FNL takes the concept of family to a whole other level, though, when you start to look at the role of surrogate family within the walls of the show. I have always gravitated to characters (and the movies and shows in which they exist) that form surrogate families with those around them to replace the lack of relationships they have with their biological family. Boy Meets World contains one of the best examples of this as Shawn Hunter (Rider Strong) literally became a part of the Matthews family over the course of the show’s seven seasons. As a teenager I became keenly aware that, for me at least, the concept of “family” is much more fluid than just blood and quite frankly, the bond of blood doesn’t hold a candle to the bond of experience. FNL plays directly into this on a consistent basis. Players form familial units with other players through the challenges of football; Billy Riggins (Derek Phillips) steps in as a caretaker for a teenage girl he doesn’t really even know; and at the forefront of it all, Eric and Tami Taylor become the parents for a host of kids who come through their programs, some of whom have no one at home to guide them and some who have great home lives but simply need that extra bond. It’s not as if this is a new concept to television, but it is handled with a subtlety and nuance that most shows do not have.
Recently I read a review of The Princess Bride and told the reviewer that for me, the best thing about the movie is that it’s difficult to choose my favorite character. “I think it’s probably Inigo but Fessik is glorious and oh, then there’s Miracle Max…” Watching all 76 episodes of FNL involved having that exact discussion with myself 76 times. Ask ten FNL fans who their favorite character is and you’re likely to get ten different answers. Contrast that with other great network TV dramas. Who’s your favorite character in 24? If it’s not Jack Bauer the only other acceptable answer is Chloe. What about The X-Files? Mulder or Scully, right? (And be honest, if someone answers Scully you judge them a little.) There’s no clear cut answer with FNL and that is a testament to the strength of every person who happens to pass through Dillon, Texas.
This is where FNL really separates itself from the pack. You could create a show with all of these other elements; you could cast perfectly, shoot a killer pilot, and handle all of your various subjects in uncanny fashion. But if your characters aren’t great, your show will eventually (or immediately) fall flat. And by great, of course I mean, “Otherworldly good in such a way that you will spend the rest of your life trying to decide which one is your favorite.” Tami Taylor is one of the strongest female characters you’ll ever see on screen. Few characters progress and mature the way Billy Riggins does. Vince Howard (Michael B. Jordan) perfectly personifies that kid that everyone knew growing up who just needed to catch one break in life. The desire to root for a given character has rarely been more universal than it is for Tim Riggins. And Coach Taylor…well, Coach Taylor might just be the best person in the world, fictional or otherwise. That doesn’t even take into account Layle, Buddy Garrity (Brad Leland), Matt Saracen (Zach Gilford), Landry Clarke (Jesse Plemons), Tyra Collette (Adrianne Palicki), and a literal host of others who might very well be the best character on any other program.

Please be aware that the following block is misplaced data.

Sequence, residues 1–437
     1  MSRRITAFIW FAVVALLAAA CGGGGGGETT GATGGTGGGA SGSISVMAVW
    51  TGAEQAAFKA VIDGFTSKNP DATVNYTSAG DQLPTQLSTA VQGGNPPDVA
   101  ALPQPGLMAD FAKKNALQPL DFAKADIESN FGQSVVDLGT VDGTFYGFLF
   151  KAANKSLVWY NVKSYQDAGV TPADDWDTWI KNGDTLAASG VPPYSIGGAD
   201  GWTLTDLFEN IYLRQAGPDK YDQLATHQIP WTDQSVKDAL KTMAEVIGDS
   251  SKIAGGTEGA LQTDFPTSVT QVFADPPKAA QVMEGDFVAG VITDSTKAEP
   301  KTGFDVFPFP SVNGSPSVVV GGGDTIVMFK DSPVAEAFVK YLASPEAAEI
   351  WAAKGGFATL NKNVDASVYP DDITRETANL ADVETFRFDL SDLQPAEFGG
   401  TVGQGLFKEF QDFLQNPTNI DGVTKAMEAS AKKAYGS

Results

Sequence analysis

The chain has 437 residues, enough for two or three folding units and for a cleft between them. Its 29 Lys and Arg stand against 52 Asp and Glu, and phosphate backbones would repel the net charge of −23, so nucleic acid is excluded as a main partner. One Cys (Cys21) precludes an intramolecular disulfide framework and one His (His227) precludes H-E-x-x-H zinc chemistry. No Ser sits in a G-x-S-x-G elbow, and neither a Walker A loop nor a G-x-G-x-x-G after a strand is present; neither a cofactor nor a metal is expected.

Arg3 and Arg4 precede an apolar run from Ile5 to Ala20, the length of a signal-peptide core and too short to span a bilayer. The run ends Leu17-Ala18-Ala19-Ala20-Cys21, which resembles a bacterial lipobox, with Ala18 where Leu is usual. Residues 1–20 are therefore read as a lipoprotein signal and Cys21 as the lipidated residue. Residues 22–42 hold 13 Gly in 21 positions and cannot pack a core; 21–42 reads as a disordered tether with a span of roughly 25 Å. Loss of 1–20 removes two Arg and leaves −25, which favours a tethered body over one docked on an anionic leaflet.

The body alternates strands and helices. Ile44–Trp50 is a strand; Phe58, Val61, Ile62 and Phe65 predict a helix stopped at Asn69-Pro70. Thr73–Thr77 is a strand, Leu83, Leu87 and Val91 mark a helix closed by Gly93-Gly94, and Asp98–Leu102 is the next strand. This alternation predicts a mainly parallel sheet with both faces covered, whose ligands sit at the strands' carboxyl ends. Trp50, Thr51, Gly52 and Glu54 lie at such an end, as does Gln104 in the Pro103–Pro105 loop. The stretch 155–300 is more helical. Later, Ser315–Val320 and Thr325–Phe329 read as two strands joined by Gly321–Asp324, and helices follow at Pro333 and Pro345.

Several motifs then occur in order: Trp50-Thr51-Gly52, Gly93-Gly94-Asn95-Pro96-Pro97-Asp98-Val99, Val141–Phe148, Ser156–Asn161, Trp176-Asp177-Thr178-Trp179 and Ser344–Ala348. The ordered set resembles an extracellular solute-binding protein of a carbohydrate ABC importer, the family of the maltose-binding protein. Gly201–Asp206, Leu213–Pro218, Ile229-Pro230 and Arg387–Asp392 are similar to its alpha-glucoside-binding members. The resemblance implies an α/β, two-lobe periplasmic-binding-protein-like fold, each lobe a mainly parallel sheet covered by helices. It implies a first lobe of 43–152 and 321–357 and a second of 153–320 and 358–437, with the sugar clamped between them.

Finding a weak link amongst these characters is a tall order. For the sake of this piece, I spent quite a bit of time looking back on and sorting through all the characters looking for a miss, for a character that doesn’t measure up to the standards set by the rest of the field. I came up empty. If I had to pick a player from the original cast who doesn’t quite fit, I guess I would choose Smash Williams (Gaius Charles) who I consider to be a little shallower than the rest, but even still, Smash is a superb creation. With almost every other show that I love or have loved through the years I can go through and pick out at least one character that I could live without. The aforementioned Kim Bauer is a total wreck, Paul Kinsey (Michael Gladis) whipped the fire out of me on Mad Men, and Nellie Bertram (Catherine Tate) routinely destroyed any sort of momentum The Office managed to create for itself last season. But from both a quality and quantity standpoint, FNL is essentially flawless in this department across the board.
These are rich, weighty characters that we’re dealing with here and that, combined with the aforementioned strength of the pilot, creates an atmosphere that almost forces you to buy in, to INVEST in the characters and by proxy, the show. And it only gets better from there. FNL does in one, maybe two, episodes what some shows that I love have struggled to do over the course of several seasons. The characters are meticulously and ingeniously crafted and perhaps even more ingeniously written from week to week. I (and everyone else I’ve ever spoken to about the show) care about the residents of Dillon, Texas in a manner that should probably be reserved only for close personal friends and immediate family members. I had trouble sleeping one night because in the episode I finished up with that night, Tim Riggins found himself in yet another batch of trouble and I couldn’t help but worry about him no matter how idiotic that may sound. That sense of family and brotherhood that FNL builds between its characters is extended lovingly toward the audience and after a few hours you feel as much as part of Coach Taylor’s team as anyone actually wearing that uniform.